Physical activity helps children grow strong bones, maintain a healthy weight and discover the world around them. Best of all, it’s great fun.
Recommended physical activity levels
- Children aged under 5 years should do 180 minutes every day
- Young people (5-18 years) should do 60 minutes every day
- Adults (19-64 years) should do 150 minutes every week
- Older adults (65+ years) should do 150 minutes every week
All children should be physically active for at least one hour a day. You can help by encouraging your child to find activities they enjoy, and by building physical activity into family life. Most children love running around a park or playing in a playground.
One reason why physical activity in childhood is so important is because it helps your child to maintain a healthy weight.
But that’s not the only reason. Physical activity is a part of the way children discover the world and themselves. It helps to build strong muscles and healthy bones, as well as to improve self-confidence. Bristol University’s professor of exercise and health sciences, Ken Fox, has 10 suggestions that can make exercise fun for all the family.
Ten activity tips for children
- Walk or cycle to and from school with the kids as often as possible.
- Build a den or treehouse with them in the school holidays. Or, under supervision, encourage them to climb a tree or two.
- Go roller skating, roller blading or skateboarding, indoor or out. In winter, go ice skating. Kids also love scooters.
- Do an activity challenge together, such as working towards a fun run or a walk for charity.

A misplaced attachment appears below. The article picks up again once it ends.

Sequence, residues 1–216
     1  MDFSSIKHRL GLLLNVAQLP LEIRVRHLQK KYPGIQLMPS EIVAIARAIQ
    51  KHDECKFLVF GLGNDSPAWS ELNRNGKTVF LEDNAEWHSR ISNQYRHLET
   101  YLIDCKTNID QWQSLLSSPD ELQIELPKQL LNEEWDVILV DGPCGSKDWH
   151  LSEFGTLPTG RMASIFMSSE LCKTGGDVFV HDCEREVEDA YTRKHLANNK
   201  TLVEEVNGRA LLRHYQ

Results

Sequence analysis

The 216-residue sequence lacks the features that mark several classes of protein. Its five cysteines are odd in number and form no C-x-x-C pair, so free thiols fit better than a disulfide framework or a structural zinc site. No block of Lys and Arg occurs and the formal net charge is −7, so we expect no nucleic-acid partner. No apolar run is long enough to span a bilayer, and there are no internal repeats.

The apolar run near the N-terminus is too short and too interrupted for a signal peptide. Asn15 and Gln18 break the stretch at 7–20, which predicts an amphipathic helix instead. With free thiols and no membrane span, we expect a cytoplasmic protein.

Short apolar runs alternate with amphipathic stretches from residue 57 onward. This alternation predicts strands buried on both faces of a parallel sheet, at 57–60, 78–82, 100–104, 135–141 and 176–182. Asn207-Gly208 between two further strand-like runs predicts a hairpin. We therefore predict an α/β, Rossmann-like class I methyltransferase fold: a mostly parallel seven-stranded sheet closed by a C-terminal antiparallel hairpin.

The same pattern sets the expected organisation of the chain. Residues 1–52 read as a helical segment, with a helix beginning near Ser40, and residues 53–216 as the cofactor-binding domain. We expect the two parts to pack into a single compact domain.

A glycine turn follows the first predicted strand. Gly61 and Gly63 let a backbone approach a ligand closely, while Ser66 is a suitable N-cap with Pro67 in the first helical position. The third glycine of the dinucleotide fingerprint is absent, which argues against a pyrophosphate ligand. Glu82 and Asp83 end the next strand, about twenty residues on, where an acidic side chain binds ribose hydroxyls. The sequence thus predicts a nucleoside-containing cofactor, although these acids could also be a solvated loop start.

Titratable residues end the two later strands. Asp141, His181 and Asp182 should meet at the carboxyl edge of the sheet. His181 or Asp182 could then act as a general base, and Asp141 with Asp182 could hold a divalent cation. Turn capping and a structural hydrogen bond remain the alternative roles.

- Take the dog for a walk. If you don’t have one of your own, ask to borrow a neighbour’s or friend’s dog and take it for a walk.
- Support your kids in sports, clubs or any other activities that may interest them. Joining a weekend club sport ensures commitment to a team and regular exercise. Find all kinds of sporting facilities in your area.
- Find time every weekend to do something active with your children. Play frisbee or football in the park, go trampolining or try indoor rock climbing.
- Fly a kite. The Kite Society of Great Britain’s website for example lists a number of groups that regularly meet for special flying days with experienced members who offer advice and assistance. Some also run kite-making workshops.
- Try a beach holiday. When they hit the sand, children find a multitude of ways to exercise, including games, swimming and plenty of running around. Or try an activity-based holiday.
- Take them for a nature walk. Heading over to the Forest Research Institute of Malaysia (FRIM) is a great way to start.